Laura LaHaye, "Mercantilism," in David R. Henderson, ed., The Concise Encyclopedia of Economics, Liberty Fund, 2008.
"Can you imagine anyone celebrating a decline in the value of his or her assets?"
Many Americans may not realize that some of today's political leaders and mainstream media espouse ideas that were discredited and left for dead over two hundred years ago. As in any number of horror flicks, sometimes the dead don't stay that way.
When I studied economics in college, I learned that mercantilism supplanted feudalism to become the predominant economic doctrine through the late Middle Ages. Mercantilism, "economic nationalism for the purpose of building a wealthy and powerful state,"1 is based on this logic: "The richer the nation, the stronger the nation; the stronger the nation, the better for every member of that kingdom."2 It wasn't until the 17th century that mercantilism was seriously challenged, and Adam Smith finally drove a stake through its heart when he published The Wealth of Nations 235 years ago. Perhaps most economists hold this clean view of history, but it seems that the rest of the world never got the memo. Unfortunately, the archaic and counterproductive ideas of mercantilism are alive and kicking in 21st-century America.
Mercantilism is a somewhat amorphous constellation of ideas specifying how the components of society should be organized. Mercantilist writers didn't always agree with each other and were, ironically, often critical of the mercantilist system. Still, a few central themes emerged: Protectionist measures should be implemented to protect domestic producers; exports should be increased and imports reduced; employment should be fostered in the domestic market; and monetary policy should increase the quantity of money and precious metals. With regard to this last point, while consumable goods increase our quality of life, mercantilists believed that money was better than goods because money could always buy more goods, while goods might go unsold or even spoil. Plus, they reasoned, goods are consumed and, therefore, "lost," while precious metals have lasting value.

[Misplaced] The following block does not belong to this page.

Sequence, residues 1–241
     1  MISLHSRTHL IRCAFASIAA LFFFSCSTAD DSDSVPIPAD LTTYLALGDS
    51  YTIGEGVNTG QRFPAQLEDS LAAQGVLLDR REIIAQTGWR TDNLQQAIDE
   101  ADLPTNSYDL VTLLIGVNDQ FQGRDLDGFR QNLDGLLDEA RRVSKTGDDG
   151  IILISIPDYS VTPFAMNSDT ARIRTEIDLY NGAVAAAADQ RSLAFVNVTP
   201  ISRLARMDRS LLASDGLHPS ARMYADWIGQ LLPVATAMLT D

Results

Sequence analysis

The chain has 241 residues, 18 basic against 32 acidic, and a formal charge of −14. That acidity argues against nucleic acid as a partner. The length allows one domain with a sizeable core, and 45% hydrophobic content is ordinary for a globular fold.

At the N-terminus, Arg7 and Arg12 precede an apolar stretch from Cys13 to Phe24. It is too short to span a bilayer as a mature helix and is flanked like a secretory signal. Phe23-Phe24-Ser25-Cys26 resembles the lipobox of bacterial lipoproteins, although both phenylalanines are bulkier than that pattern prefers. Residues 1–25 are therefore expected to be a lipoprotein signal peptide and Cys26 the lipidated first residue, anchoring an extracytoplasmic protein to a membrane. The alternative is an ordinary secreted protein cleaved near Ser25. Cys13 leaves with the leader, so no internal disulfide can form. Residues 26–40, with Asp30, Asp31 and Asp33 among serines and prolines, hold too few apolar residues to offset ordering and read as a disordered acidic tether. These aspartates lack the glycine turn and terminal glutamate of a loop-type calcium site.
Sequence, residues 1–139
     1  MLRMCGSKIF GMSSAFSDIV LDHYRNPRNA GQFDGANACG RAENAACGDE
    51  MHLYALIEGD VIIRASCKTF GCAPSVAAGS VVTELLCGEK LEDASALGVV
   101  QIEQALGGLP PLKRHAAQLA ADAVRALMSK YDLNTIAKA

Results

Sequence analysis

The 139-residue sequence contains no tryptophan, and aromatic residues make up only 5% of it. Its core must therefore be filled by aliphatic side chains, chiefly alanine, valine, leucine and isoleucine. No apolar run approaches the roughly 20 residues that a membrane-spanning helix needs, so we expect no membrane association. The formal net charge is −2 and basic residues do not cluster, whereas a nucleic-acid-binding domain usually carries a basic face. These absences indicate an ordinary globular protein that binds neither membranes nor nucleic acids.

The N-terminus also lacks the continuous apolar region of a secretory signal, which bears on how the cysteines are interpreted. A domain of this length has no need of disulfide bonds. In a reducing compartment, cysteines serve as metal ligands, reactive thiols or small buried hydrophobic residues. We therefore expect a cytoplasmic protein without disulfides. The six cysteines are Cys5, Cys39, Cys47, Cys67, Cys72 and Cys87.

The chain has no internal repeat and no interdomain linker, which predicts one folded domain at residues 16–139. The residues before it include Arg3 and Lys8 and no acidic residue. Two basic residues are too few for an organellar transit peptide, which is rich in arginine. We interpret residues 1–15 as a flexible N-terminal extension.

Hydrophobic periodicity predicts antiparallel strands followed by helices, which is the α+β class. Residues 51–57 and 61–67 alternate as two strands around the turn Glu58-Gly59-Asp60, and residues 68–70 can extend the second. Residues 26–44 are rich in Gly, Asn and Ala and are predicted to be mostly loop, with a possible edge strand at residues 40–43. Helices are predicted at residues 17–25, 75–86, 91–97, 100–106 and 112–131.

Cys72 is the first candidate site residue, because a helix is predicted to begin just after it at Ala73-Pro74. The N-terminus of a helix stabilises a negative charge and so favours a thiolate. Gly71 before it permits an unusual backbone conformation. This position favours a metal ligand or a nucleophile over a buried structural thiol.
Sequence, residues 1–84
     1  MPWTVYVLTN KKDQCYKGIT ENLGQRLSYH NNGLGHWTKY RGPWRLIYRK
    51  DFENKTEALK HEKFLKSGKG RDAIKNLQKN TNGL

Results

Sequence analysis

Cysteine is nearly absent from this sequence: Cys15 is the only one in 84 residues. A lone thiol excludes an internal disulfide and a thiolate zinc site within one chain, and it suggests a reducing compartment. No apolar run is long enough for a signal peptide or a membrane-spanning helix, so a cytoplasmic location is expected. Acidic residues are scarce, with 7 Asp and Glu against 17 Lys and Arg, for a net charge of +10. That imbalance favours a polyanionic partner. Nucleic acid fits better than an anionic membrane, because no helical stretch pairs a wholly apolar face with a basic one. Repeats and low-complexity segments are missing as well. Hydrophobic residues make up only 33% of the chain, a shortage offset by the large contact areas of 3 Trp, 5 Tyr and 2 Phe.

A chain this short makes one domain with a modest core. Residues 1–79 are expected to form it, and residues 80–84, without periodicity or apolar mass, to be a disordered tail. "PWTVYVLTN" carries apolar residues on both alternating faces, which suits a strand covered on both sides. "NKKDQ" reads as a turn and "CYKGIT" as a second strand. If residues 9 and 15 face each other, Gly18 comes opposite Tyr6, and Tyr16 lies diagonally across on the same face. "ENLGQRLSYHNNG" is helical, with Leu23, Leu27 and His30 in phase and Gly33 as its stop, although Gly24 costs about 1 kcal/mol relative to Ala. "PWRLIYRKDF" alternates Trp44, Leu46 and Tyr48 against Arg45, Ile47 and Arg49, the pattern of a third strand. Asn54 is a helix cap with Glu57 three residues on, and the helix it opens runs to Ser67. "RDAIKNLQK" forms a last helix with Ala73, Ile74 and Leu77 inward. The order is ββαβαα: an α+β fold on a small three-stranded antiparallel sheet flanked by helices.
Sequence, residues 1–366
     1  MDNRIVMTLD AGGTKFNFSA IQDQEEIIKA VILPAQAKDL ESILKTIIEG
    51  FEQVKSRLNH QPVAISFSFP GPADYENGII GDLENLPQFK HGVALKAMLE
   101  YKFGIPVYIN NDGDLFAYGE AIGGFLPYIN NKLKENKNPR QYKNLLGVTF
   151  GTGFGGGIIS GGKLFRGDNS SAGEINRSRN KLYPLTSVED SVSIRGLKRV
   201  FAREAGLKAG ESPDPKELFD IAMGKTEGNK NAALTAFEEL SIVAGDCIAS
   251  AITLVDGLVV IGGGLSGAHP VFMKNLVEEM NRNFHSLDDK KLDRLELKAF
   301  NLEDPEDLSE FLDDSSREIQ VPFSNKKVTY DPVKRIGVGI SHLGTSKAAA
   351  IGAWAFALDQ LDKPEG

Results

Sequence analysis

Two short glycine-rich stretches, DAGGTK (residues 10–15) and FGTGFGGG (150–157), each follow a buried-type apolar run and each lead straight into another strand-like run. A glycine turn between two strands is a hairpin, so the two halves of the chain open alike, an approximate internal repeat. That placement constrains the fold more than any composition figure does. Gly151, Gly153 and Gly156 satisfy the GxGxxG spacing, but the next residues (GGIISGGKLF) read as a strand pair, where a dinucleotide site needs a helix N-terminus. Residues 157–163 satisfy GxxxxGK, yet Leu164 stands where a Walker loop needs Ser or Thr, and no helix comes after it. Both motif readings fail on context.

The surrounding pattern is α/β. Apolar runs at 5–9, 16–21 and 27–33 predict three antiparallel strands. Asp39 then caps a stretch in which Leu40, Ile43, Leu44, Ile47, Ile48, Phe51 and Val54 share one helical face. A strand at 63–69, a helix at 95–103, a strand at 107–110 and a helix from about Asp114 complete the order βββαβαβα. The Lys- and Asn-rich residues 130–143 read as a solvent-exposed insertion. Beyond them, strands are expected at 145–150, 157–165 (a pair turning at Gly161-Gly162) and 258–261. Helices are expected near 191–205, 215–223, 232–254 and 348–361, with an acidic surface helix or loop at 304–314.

Mercantilism is an economic theory from the perspective of exporters, protectionists, politicians, and money hoarders, and its primary beneficiaries are big business and big government. Basically, the more goods you sell outside your country and the more gold and silver you bring in and store safely in your vaults, the better. The corollaries are that exports are good, imports are bad, a weak currency is wonderful, and trade surpluses are the bees' knees.
Whether they realize it or not, many modern politicians of various stripes are mercantilists. Just watch the news and you'll see those in our government and in the media expressing predominantly mercantilist views: Our trading partners' currencies are too cheap and the trade deficit is too high—together, these two factors reduce domestic employment.
One mercantilist action available to a country like the United States is to devalue its currency, which simultaneously makes its exports cheaper and its imports more expensive. This may sound logical, but this tenet of mercantilism is counterproductive. If you have dollars in your wallet and I have yen, wouldn't you be upset if your dollars became less valuable and you grew poorer relative to me? Can you imagine anyone celebrating a decline in the value of his or her assets?
Do you have more dollars in your portfolio than yen or renminbi or euros? I do. Don't you want your portfolio to increase in value? I do. Then why wish for the American dollar to decline in value?
While I have nothing against gold and silver (I own some of each), they are a store of value—a means to an end—not an end in themselves. I hope to use my gold and silver (and dollars, yen, renminbi, and euros) to someday buy another house, another car, more education, and more vacations. It is these goods and services— not the intermediate stores of value that I use to purchase them—that improve and enrich my life. By focusing on stockpiling money and structurally impeding the market in the process, mercantilist actions ensure that I will get fewer of the goods and services I want.